I had heard from others over the past several years what a fun race the Hardcore24 24 hour MTB race was. But I wasn’t a mountain biker, so I was satisfied to hear some great stories about it. Last year I finally broke down and started mountain biking, so when friend and HRRT teammate Don Massone invited me to be on a 5 person team for this year’s Hardcore 24 in late July, I said “yes” immediately. Of course, as with several other “yes” answers to MTB races, my second thought was “what the hell are you thinking, Jon?” I often don’t have a good answer to that question, but it hasn’t stopped me :).
This race is different from any other race I’ve participated in. It involves camping, bringing all your food for two days, packing clothing for every imaginable weather condition one can think of, racing on a moderately technical trail in the woods in the dark throughout the night, racing on a tag team, coping with racing on very little (if any) sleep, and more.
Yet, how could I resist a race that the organizers describe as “we were having a party and a bike race broke out”? Where the eve of the race is celebrated with a bike parade and a ride out to the lookout point to watch the sunset? Where the first order of the day upon arrival Friday afternoon is to hang christmas lights in HRRT team colors around our pavilion? And where not only are you surrounded with almost 20 HRRT teammates and friends, but everyone else treats you like a friend both on and off the course? Can you tell I can’t wait to do this again next year?
The race is held in Ontario County Park in Naples, NY. Situated just west of the southern end of Canandaigua Lake , the park contains the highest point in Ontario County. At an elevation of 2,256 feet above sea level, the views from our camping spot were magnificent, as was the view of the sunset to the west from Jumpoff Point, which we visited after a pre-ride of the course that we’d get to know quite well over the next couple of days.
From then until noon on Sunday we rotated laps through our team roster, one lap at a time per person. (HRRT’s other 5 person team followed a similar strategy, but changed things up during the late night and early morning, when each person took two laps to allow teammates to get some meaningful sleep. They ended up ahead of us, but I don’t think that it was because of that difference.) The course was dry, hilly, and sometimes fairly technical, but not overwhelmingly so. Despite being fairly close to where we live and ride, the terrain was quite a bit different: rockier soil, and more rocks protruding through the ground high enough that you had to watch your pedaling, something that caused me a bit of concern as I anticipated the night laps.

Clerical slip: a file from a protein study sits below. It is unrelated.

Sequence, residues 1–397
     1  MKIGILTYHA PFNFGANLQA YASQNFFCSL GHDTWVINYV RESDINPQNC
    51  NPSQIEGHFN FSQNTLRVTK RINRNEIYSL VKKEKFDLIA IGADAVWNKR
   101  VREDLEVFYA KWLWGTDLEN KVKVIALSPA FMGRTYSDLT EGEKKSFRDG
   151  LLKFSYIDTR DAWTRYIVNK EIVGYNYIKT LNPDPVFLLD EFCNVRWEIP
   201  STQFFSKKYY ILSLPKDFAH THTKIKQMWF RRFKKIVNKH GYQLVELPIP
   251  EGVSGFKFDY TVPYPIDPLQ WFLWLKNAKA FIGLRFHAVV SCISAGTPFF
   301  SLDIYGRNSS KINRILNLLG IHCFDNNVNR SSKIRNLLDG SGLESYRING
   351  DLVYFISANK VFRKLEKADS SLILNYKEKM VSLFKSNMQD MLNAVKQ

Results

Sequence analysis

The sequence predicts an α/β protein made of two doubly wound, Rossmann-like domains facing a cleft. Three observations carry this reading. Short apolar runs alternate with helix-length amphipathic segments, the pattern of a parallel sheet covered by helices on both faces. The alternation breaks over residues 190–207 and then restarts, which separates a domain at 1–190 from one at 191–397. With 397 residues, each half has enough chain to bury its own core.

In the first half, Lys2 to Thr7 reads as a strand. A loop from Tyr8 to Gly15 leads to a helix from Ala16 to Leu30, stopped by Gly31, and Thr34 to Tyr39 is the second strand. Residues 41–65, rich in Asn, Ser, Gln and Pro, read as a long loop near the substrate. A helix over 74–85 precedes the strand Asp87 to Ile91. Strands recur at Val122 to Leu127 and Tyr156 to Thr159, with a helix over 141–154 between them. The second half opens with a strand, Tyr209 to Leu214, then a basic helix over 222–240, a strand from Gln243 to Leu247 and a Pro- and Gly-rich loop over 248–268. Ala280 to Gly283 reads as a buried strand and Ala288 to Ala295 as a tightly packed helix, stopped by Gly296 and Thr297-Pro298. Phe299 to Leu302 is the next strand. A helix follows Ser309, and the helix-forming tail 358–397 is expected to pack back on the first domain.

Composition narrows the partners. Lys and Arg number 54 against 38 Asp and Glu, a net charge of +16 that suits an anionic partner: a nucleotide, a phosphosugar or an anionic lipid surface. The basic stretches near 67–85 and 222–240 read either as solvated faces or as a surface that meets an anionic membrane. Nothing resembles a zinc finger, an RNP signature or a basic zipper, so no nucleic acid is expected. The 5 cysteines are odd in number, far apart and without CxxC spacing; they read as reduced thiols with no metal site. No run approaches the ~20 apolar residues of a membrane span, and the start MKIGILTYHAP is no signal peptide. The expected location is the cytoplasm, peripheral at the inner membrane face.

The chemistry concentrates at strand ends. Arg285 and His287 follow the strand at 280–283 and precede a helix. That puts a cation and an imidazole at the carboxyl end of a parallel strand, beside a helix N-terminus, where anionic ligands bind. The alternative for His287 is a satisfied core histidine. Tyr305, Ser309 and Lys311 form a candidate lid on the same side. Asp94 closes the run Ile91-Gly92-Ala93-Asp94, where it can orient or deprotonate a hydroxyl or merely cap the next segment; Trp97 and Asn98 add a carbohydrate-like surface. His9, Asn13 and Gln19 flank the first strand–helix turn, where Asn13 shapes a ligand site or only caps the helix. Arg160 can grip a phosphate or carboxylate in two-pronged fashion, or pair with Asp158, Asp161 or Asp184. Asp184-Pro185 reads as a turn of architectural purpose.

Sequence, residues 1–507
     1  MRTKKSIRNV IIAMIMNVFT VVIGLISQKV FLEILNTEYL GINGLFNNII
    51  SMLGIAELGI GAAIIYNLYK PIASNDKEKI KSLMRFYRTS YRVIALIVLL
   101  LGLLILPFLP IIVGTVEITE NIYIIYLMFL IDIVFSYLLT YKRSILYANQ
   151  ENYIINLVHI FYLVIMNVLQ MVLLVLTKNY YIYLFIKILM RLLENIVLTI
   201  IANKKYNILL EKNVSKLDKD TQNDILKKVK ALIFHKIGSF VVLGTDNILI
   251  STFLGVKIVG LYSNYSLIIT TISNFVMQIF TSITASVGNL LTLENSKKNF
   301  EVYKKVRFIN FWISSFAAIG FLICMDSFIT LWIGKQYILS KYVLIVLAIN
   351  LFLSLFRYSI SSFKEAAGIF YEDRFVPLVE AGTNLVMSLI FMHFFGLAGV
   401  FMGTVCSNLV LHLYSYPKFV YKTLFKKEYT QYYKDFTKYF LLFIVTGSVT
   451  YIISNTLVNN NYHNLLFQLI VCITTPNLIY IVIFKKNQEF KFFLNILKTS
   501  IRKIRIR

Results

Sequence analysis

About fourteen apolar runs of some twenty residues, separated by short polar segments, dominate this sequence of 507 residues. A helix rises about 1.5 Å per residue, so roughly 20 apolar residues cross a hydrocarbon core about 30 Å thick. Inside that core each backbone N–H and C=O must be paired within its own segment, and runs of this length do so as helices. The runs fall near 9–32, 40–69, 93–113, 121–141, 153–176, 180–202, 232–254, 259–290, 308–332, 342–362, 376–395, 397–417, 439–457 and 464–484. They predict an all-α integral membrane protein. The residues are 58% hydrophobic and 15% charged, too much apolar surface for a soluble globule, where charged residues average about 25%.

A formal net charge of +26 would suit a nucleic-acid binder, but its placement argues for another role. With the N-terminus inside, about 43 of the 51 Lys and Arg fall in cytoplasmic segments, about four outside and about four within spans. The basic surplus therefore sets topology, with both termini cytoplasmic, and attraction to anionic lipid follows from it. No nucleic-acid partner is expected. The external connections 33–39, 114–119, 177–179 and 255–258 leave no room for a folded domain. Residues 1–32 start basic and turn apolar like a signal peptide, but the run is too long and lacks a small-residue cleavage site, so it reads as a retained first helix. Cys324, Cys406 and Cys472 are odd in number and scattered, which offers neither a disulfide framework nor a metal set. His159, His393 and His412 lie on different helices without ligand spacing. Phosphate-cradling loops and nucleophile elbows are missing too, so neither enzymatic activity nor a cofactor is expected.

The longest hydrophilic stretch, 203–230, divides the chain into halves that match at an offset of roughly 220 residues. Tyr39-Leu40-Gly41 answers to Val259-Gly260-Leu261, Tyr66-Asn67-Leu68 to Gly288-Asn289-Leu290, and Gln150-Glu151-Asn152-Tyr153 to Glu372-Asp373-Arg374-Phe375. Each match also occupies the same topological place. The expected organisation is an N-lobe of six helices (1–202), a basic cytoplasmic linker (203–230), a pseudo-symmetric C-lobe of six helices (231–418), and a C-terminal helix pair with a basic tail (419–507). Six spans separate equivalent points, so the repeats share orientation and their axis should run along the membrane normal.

A lap of the course was about 8 miles, and on average took us about 50 minutes to complete during daylight hours, creeping up to about an hour during the night. There were constant threats of big thunderstorms through the night; at several times we could see them in the valleys surrounding us, but we lucked out and stayed dry.
I’d like to mention how impressed I was with my lights: I had purchased a Sigma Evo Pro light set last fall, but had only used it a few times for cyclocross training rides, and had never done a night ride on a mountain bike before this race. Race rules call for a second light as well (makes sense, as you don’t want to be that guy whose light quits for some reason with a looming obstacle and/or others in hard pursuit just behind you), so I borrowed a friend’s Sigma Karma. I put the brighter (very bright) Evo Pro on my helmet, and the small Karma on the bars, and ran them both together. What a great combination! They both performed admirably, had lots of charge for both of the “dead of night” laps I did (it was very dark with the storm clouds blocking any light from moon or stars). I need to buy a Karma for myself now, it will be a very nice and useful addition to my bike accessories. It’s small, light, and still pretty powerful; still, I was happy to have the Evo Pro, which gave me tons of light. One other nice thing to know if you’re considering a light purchase is that the cables and batteries are interchangeable for these two. The Karma’s battery is smaller, but could be used with the Evo alone for shorter trips and save some weight, and could be a backup battery as well.
By the official end of the race at noon on Sunday, I think all of us were looking a bit bedraggled, and happy to be finished, though there were smiles on every face. Here’s a photo of the podium for the 5 person teams: full of HRRT folks!
This is one race I can’t wait to do next year.